Smedley Butler

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Pakistan is a democracy with a difference. Not only does their national government alternate between civilian and military control, their political parties are lead by family dynasties. Here in the US, all our governments have been civilian, so far, and our political dynasties are not yet as firmly entrenched as they are in Pakistan. India also was ruled by a dynasty, the Nehru dynasty, until recently. The US almost suffered a coup by the military in 1934-5, but General Smedley Butler, chosen by Wall Street to replace FDR, would not participate.

We have a two party system here in the US with two family dynasties maneuvering to exert and maintain control. There is the Bush-Republican Party and the Kennedy-Democratic Party, each led by a patriarch or sometimes a matriarch like Indira Gandhi or Benazir Bhutto. Interesting enough, both matriarchs were assassinated. Before his death, the patriarch of the Kennedy family, Ted Kennedy, handed off leadership temporarily to Barack Obama.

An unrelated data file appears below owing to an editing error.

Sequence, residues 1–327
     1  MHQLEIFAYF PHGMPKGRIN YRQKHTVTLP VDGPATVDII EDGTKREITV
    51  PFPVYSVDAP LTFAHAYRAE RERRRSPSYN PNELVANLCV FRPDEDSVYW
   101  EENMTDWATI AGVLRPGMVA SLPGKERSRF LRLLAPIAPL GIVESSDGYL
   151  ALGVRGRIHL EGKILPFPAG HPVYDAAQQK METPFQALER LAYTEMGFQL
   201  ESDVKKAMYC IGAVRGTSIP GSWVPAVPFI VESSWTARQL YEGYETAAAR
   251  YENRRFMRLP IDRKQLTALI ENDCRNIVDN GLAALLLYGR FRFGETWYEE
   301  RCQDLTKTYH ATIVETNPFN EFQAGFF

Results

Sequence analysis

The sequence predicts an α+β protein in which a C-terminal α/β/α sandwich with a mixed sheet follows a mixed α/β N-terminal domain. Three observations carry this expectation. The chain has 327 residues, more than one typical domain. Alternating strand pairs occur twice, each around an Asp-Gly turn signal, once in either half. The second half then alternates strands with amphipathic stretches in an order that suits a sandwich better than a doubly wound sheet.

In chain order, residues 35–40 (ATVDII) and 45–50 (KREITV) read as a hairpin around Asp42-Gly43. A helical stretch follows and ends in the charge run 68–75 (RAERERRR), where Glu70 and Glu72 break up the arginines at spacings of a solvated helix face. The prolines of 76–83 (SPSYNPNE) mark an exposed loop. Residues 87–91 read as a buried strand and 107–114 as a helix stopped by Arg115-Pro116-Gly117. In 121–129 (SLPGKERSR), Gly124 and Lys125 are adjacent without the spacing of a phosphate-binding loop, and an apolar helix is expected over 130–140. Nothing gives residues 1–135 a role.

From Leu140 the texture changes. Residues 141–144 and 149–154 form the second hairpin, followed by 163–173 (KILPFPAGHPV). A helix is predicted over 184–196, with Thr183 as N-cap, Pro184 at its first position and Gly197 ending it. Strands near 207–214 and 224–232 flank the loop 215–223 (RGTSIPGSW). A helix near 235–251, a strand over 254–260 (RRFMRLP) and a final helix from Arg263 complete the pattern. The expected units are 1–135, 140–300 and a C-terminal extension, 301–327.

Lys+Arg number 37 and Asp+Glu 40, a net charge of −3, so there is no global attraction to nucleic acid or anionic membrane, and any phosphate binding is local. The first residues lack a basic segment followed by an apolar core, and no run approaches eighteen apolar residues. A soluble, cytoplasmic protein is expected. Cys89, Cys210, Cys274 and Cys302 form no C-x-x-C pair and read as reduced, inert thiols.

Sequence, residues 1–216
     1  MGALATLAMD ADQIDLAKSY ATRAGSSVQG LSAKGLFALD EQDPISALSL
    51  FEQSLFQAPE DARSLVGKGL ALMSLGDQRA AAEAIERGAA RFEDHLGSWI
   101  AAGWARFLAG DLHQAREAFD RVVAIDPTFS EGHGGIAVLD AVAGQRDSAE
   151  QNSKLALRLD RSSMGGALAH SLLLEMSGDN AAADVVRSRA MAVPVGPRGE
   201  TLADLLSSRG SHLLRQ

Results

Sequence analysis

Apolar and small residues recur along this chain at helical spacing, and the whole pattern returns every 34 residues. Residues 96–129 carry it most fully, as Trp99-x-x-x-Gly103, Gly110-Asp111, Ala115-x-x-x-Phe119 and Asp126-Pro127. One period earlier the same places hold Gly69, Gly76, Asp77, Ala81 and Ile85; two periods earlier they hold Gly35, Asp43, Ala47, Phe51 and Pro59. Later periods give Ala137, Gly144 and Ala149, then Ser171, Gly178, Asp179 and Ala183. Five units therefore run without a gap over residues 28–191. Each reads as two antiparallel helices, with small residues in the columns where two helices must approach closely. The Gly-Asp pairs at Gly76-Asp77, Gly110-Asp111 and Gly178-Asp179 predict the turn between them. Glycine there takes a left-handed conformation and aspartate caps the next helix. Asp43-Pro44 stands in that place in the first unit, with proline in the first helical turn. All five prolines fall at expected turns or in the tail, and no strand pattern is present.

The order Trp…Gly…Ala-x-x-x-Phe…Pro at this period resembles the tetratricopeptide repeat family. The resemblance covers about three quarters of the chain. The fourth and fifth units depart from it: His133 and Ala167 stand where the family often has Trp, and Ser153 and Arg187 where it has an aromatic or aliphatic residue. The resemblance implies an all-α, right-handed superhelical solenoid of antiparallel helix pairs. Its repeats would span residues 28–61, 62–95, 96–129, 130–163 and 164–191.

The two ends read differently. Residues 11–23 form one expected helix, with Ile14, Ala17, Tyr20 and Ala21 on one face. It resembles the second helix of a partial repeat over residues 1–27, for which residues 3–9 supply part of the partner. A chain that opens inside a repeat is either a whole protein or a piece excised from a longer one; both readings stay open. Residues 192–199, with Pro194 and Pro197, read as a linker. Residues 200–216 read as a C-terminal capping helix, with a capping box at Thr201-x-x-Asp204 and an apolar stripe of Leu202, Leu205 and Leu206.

Dynasties are the inevitable result of great concentrations of wealth. According to former Supreme Court Justice, Louis Brandeis, you can have democracy or you can have great concentrations of wealth, but not both at the same time. That is the reason the Bush-Republican Party wants to eliminate the estate (death) tax, to maintain the dynasty’s grip on our politics.

It is not too late to stop our drift toward rule by dynasties, rather than true democracy. However, we are close to rule by dynasties and getting closer day by day. The Citizens United decision by the US Supreme Court is quickly bringing that day closer. To stop that drift, we must unite to oppose dynastic rule by the wealthiest among us and their supporters, the one percent who place their interests ahead of the national interest.